FIG. 7 illustrates one embodiment of a method 700 of locating a service provider capable of providing service level objectives for a data object. The method 700 may be practiced, for example, in a computer system that includes an information management service for providing customized services to the data objects residing in the computer system. The method identifies 702 a data object associated with at least one service level objective. The service level objectives define service level objectives requested by the data object. Referring once again to FIG. 2, an illustrative example of a service level mapping scheme is provided for associating data objects with at least one service level objective.

In one embodiment, identifying 702 a data object associated with at least one service level objective may include identifying a category containing multiple data objects that are each associated with a common group of service level objectives.

Referring once again to FIG. 7, at least one service provider is identified 704 that may be capable of providing one or more of the service level objectives for the data object. The method 700 may further include identifying 706 at least one potential storage location wherein the data object can be stored. In one embodiment, identifying the potential storage locations may further include eliminating all storage locations that do not support the bundle of service level objectives. In other words, the list of potential storage locations may be condensed to only those storage locations that are known to support the service level objectives requested by the data object so the time is not wasted analyzing storage locations that are known to be incapable of supporting the appropriate bundle of services.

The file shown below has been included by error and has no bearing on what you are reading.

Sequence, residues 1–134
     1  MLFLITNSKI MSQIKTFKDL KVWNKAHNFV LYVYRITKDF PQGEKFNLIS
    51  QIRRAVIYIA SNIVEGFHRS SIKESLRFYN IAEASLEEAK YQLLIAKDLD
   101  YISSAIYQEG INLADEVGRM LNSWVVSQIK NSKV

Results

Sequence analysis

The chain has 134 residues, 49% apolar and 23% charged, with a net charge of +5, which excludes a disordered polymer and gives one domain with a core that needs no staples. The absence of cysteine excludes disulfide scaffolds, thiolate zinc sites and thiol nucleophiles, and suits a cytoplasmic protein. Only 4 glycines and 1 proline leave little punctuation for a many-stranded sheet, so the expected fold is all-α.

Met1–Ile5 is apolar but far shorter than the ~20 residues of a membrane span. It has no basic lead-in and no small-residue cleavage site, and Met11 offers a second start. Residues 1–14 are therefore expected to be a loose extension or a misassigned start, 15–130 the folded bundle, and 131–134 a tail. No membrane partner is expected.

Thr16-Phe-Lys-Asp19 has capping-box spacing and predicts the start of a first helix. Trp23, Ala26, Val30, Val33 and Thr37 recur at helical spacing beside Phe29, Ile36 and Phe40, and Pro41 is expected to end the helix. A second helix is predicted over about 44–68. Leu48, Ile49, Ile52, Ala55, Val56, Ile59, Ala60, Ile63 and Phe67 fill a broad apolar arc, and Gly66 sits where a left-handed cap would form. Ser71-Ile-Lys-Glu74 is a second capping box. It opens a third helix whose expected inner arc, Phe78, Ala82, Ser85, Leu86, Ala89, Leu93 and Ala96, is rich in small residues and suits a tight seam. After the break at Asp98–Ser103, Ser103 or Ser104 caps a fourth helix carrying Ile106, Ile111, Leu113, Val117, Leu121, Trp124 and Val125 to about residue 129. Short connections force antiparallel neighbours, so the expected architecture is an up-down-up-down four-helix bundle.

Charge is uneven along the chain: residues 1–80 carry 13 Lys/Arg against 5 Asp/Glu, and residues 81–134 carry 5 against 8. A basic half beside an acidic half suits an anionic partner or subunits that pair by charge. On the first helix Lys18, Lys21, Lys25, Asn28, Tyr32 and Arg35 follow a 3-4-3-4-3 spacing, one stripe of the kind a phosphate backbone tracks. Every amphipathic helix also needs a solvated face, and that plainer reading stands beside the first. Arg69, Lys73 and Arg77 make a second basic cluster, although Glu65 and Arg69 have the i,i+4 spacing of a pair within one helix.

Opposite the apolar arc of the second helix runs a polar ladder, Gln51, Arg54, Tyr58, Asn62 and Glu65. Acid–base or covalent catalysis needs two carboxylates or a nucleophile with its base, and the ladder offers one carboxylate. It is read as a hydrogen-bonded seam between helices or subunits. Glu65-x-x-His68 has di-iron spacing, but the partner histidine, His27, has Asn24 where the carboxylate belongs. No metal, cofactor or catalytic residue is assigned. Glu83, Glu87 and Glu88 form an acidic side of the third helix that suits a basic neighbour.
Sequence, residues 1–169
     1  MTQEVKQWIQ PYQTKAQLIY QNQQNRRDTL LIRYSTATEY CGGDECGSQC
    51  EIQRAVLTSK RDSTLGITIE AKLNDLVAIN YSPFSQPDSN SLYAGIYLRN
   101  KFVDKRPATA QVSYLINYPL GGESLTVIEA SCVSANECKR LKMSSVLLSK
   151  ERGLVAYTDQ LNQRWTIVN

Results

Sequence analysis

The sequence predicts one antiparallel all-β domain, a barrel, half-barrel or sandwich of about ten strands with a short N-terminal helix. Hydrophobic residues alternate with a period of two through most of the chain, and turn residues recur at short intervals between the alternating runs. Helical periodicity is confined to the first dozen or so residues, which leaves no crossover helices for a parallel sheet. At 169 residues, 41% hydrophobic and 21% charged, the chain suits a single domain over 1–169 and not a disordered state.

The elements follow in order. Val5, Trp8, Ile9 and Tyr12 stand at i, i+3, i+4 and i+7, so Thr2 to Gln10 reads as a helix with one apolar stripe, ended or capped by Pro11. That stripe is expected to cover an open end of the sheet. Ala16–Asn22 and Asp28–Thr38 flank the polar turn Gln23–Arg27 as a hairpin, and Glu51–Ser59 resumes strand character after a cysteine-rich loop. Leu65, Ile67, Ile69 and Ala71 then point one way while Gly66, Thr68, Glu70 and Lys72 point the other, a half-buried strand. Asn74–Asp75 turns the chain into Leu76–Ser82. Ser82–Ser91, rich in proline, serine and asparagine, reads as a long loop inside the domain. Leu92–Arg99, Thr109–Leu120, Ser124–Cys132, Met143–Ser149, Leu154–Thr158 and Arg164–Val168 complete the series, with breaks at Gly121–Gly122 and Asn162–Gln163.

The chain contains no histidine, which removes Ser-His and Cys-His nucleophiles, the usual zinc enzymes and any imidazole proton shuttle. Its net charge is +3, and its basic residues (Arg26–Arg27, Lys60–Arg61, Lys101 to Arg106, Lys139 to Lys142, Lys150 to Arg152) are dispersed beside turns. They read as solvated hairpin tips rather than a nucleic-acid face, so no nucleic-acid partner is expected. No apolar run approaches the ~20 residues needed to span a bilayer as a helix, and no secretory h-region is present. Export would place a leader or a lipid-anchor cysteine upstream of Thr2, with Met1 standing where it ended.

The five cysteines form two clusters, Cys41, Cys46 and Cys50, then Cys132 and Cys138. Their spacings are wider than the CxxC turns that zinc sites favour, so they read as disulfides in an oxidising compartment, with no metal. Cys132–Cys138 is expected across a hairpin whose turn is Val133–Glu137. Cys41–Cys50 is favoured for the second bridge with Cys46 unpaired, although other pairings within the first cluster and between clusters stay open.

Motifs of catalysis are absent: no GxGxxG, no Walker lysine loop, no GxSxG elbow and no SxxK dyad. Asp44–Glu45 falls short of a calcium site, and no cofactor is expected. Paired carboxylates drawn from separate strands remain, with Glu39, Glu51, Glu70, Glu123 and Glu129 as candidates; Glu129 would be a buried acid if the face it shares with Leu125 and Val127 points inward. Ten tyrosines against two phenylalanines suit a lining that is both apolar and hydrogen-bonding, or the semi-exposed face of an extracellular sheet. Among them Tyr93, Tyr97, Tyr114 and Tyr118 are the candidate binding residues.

An information management service request is then sent 708 to the service providers. The information management service request contains the service level objectives (i.e., the service package) associated with the data object. In one embodiment, the information management service request further includes the potential storage locations.

In one embodiment, the information management service request is sent to an adapter, which is configured to provide a layer of abstraction between the information management service and the at least one service provider. For example, as illustrated in FIG. 6, each of the adapters 618, 620 and 622 may be programmed with an understanding of what services each service provider 612, 614 and 616 is able to perform, and to which locations 606, 608 and 610 the service providers are capable of providing services. The adapters 618, 620 and 622 may further be programmed to allow the service selection module 604 to communicate with all the adapters using a common communication protocol.